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Let’s face it: There’s really nothing pretty about bed bugs. They are unwelcome (and yucky) intruders in mattresses, bedding and furniture all across the country. Getting rid of bed bugs can be tricky and the treatment for these critters is usually best left to a professional pest control technician. If you think you have these bugs in your home, here are some things to look for and actions you can take to help get rid of them.

Do I Have Bed Bugs In My Home? Bug Detection

It is common for a person to have the physical symptoms of bed bugs without ever actually seeing a bug. Unfortunately, just having bites on the skin is not a good indicator of an infestation. In many cases, bed bug bites look very similar to other insect bites or skin conditions (like eczema or hives). Making matters more complex, some people that are being bit will not have any visible reaction to the bites at all. An undiagnosed case of bed bugs can give the insects time to feed, breed, and spread from one area of your home to furniture and other areas throughout your house.

Here are some signs to look for if you think you have a bed bug infestation:

  • Live bugs around your mattress, bedding or couch cushions
  • Eggs and casings (eggshells)
  • Excrement – dark spots on your sheets that will typically bleed into fabric
  • Skins that nymphs shed as they grow larger
  • Signs of dead bugs – either dead bugs or reddish stains on bed sheets from crushed bugs

Where should you look for bed bugs in your home?

  • On your mattress or box springs around seams and tags
  • On your mattress in cracks on the bed frame and headboard
  • In the seams of chair and couch cushions
  • Between curtain folds

Treatment for Bed Bug Infestations

There is no quick fix for treating infestations. Keep in mind that controlling an infestation can take time. The two ways to treat a bed bug infestation are with or without chemicals.

While both non-chemical and chemical solutions have been shown to be effective when properly used, I recommend an integrated approach of using both chemical and non-chemical (heat) techniques. Experience has proven that the integrated approach offers efficiency and effectiveness when you need it most.

Recommended Steps for Treating an Identified Bug Infestation

Recommended steps:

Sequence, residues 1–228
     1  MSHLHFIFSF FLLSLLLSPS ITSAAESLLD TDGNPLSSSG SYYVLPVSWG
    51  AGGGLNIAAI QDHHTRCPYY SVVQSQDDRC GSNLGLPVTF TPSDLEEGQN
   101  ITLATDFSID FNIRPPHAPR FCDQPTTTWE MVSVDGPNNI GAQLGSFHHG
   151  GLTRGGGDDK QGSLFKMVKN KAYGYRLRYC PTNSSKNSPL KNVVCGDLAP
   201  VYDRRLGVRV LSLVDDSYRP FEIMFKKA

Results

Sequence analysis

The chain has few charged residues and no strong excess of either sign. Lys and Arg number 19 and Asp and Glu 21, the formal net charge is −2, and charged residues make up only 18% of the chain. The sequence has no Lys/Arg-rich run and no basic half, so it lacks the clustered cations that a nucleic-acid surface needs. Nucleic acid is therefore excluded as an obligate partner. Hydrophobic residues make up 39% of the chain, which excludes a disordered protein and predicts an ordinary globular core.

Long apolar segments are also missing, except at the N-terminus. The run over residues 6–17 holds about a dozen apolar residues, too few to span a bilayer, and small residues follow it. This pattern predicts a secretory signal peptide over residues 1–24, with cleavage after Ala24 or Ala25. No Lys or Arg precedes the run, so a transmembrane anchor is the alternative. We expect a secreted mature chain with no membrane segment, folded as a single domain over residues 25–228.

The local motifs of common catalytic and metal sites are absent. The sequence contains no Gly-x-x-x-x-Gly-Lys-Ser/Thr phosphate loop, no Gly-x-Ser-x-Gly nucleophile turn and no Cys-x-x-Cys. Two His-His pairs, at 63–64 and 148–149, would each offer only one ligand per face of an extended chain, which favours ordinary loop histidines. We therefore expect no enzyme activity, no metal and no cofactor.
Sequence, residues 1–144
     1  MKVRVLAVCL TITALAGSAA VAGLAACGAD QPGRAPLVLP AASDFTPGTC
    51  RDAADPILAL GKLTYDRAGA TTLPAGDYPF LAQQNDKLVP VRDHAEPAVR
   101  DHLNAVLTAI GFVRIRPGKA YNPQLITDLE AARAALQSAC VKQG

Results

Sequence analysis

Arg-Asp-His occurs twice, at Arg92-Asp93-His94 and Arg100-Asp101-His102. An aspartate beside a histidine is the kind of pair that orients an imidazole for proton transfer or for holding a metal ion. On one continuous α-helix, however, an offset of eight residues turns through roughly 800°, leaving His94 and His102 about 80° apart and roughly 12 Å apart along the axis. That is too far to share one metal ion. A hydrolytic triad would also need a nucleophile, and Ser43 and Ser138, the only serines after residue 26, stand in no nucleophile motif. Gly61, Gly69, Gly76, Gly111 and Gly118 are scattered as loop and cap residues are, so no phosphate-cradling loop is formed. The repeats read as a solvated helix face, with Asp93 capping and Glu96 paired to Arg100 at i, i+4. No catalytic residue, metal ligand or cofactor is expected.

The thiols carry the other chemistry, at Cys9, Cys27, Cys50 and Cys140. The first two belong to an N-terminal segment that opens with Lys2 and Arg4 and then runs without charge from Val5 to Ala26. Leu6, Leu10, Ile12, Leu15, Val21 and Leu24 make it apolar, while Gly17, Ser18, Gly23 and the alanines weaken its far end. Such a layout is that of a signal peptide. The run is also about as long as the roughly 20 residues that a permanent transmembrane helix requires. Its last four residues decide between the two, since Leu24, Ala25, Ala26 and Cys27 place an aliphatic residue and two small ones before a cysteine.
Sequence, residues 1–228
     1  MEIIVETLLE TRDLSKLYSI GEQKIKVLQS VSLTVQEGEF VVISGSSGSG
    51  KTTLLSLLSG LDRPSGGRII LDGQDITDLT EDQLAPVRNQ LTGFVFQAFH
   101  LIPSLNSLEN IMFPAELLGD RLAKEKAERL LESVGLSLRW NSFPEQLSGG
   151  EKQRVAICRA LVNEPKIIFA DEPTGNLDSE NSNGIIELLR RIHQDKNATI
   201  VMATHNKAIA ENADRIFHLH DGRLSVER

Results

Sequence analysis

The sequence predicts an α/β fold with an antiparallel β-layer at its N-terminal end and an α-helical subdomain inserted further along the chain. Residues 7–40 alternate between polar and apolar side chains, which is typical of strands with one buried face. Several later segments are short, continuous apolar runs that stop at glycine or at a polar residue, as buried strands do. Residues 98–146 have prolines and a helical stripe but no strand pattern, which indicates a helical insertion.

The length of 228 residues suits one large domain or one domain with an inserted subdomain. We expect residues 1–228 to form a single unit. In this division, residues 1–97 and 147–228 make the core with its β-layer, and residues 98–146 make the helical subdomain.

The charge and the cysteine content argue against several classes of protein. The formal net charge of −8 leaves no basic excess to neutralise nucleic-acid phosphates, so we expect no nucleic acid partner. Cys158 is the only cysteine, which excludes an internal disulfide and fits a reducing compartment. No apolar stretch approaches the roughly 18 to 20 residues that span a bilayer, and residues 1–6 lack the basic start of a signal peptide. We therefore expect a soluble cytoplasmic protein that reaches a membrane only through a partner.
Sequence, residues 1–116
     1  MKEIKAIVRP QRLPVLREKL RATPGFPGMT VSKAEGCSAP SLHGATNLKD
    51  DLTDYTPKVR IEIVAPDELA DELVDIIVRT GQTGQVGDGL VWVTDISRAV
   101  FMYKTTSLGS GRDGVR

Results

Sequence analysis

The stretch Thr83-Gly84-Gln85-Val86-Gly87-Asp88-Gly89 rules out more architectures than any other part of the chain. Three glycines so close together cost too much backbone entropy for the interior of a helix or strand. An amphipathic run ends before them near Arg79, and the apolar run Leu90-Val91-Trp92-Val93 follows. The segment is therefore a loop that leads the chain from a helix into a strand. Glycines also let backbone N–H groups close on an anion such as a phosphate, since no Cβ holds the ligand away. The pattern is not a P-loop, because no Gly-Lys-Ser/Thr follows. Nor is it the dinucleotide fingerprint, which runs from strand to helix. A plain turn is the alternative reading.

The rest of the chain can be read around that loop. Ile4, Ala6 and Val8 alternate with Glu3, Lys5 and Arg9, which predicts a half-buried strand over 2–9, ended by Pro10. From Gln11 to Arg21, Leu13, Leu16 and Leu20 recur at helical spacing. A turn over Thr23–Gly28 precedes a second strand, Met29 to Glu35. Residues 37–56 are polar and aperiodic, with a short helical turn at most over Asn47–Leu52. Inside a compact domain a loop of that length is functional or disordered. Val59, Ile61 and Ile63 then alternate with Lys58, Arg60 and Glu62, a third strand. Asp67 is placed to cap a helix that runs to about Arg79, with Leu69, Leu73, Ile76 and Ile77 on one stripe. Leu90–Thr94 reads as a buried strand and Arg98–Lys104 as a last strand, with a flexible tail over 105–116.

• Clean all items in or near a bug infested living space
  • Remove any excess items where bugs might hide (like storage boxes and clutter)
  • Eliminate bed bug habitats
  • Physically remove bed bugs through cleaning and vacuuming affected areas
  • Try non-chemical methods
  • Follow up non-chemical methods — take care to only use pesticides according to the manufacturer suggestions or hire a pest control company
  • Be consistent with post-treatment inspections and re-treatments

Non-Chemical Bed Bug Treatments

  • Wash and dry bedding and clothing at high temperatures. However, just washing bedding or clothing is generally not enough to kill the bugs. Drying at high temperatures is the key.
  • Heat infested areas to at least 118 ºF for 1 hour. The higher the temperature, the less time is required to kill the bugs.
  • Cold treatments below 0ºF for at least 5 days (or 120 hours) can eliminate some infestations with the colder the temperature the less time required to kill the bed bug infestation. However, your home freezer is generally not cold enough to effectively kill them.

Chemical Treatments

There are dozens of chemical products on the market that are registered with the EPA to kill or repel the bugs. Unfortunately, many of the over-the-counter products simply do not work. Therefore, many homeowners will unknowingly waste time and money trying to treat their homes without professional assistance. We have found that most DIY homeowners will either over-apply or misapply the chemicals they purchase. This can cause bugs to spread throughout the home or cause increased skin irritations from pesticides.

It would be difficult to provide you with a complete list of the strengths and weaknesses of each of the DIY chemicals, so I always recommend contacting the manufacturer of each product directly (because most local pest control professionals will not be able to consult you on which DIY chemical they’d recommend for your situation.)

How to Keep Them Out of Your Home

The creatures are very adept at hitchhiking from one infested site to another. A key reason for their success at spreading from location to location is due to their ability to survive extended periods time without feeding. The bugs feed on blood from humans or animals usually every five to ten days. Some bugs can survive up to 12 months without feeding.

There are a few precautions that you can help keep your home safe from an infestation:

  • Use protective covers to encase mattresses, box springs and furniture to eliminate hiding spots
  • Remove clutter from your home that might be prone for hiding places
  • Avoid bringing used furniture into your home without a comprehensive inspection

To prevent bed bugs from coming home with you when you’re on a trip or staying at a hotel or motel:

  • Perform a thorough search of your hotel room for signs of bugs
  • Use luggage racks for suitcases and reduce the contact between your clothing and the bed or carpet
  • Perform a thorough inspection of your luggage and clothing when you return home and limit the contact between travel clothing and mattresses, box springs and furniture

Bed bugs aren’t fun, but if you are knowledgeable about what to look for and consult with a pest solutions technician to find the best solution, you can beat bed bugs.

Source by Derek Wetlaufer